Depends on the user. A user who has exacting requirements will have the better experience if he can make the tablet do exactly what he wants.
A user who has no special requirements is better off conforming to what someone else thought up.
Imagine how useless a PC would be, if it could only do what someone else's "app" was designed to do.
Hackability defintely puts me in the Android camp.
Its not really removed, if your device doesn't conform to the specs for the OS version Google won't let you have their apps (their apps are closed sourced and copyrighted and not part of Android).
If the Fire is using Android 2.2 for instance it must have bluetooth and GPS to name two things (why? Because that's the rule the made back then, and they are not going to go back and change it now)
No Google should just continue doing what they are doing now. Device which don't comply with certain rules don't get access to the Google apps (which have never been open source and never will be) - you get a certain assurance of hardware quality if you get a device which has the Google market on it.
This would disappear if they allowed any Android device (Hey, I've compiled Android for my toothbrush!) got the market.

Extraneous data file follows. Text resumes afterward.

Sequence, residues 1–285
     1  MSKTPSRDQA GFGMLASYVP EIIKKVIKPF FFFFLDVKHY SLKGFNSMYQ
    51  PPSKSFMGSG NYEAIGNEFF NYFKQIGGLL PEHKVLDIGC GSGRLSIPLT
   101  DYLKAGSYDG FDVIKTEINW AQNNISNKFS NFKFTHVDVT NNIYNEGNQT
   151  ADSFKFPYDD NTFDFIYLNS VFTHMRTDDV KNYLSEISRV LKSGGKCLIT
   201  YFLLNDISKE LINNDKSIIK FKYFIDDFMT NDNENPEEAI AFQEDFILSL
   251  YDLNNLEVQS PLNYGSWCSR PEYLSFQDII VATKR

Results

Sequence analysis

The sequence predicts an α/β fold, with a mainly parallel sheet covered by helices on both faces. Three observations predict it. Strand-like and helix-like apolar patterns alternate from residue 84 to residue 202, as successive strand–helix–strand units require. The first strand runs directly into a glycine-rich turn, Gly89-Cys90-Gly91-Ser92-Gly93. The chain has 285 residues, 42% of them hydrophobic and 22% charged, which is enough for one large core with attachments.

normal people who don't hack or root won't really care.
The tiny minority of nerds who do care can do it, and it just adds to the saleability
The whole purpose of Android is open system - the antithesis of iPad iOS - supposedly totally closed. Eventually (if not already) there will be more Android devices out there than iOS, but who will have the better end to end user experience? And will that matter more than an open system?
if in the end someone would hack the system as the company has provide the source code then why not company itself provide these basic facilities which make device more appealing....don't understand the logic behind such things.
This is not a Android hack, its adding android market back which was removed as part of customization by Amazon.
And I feel allowing customization is the most attractive feature of Android where each seller can create its own market.
I think in this case its threat to Amazon and not to Google. Amazon lost the control over market place.
Drones are, in essence, flying autonomous vehicles. Pros and cons surrounding drones today might well foreshadow the debate over the development of self-driving cars. In the context of a strongly regulated aviation industry, "self-flying" drones pose a fresh challenge. How safe is it to fly drones in different environments? Should drones be required for visual line of sight – as are piloted airplanes? Join EE Times' Junko Yoshida as she moderates a panel of drone experts.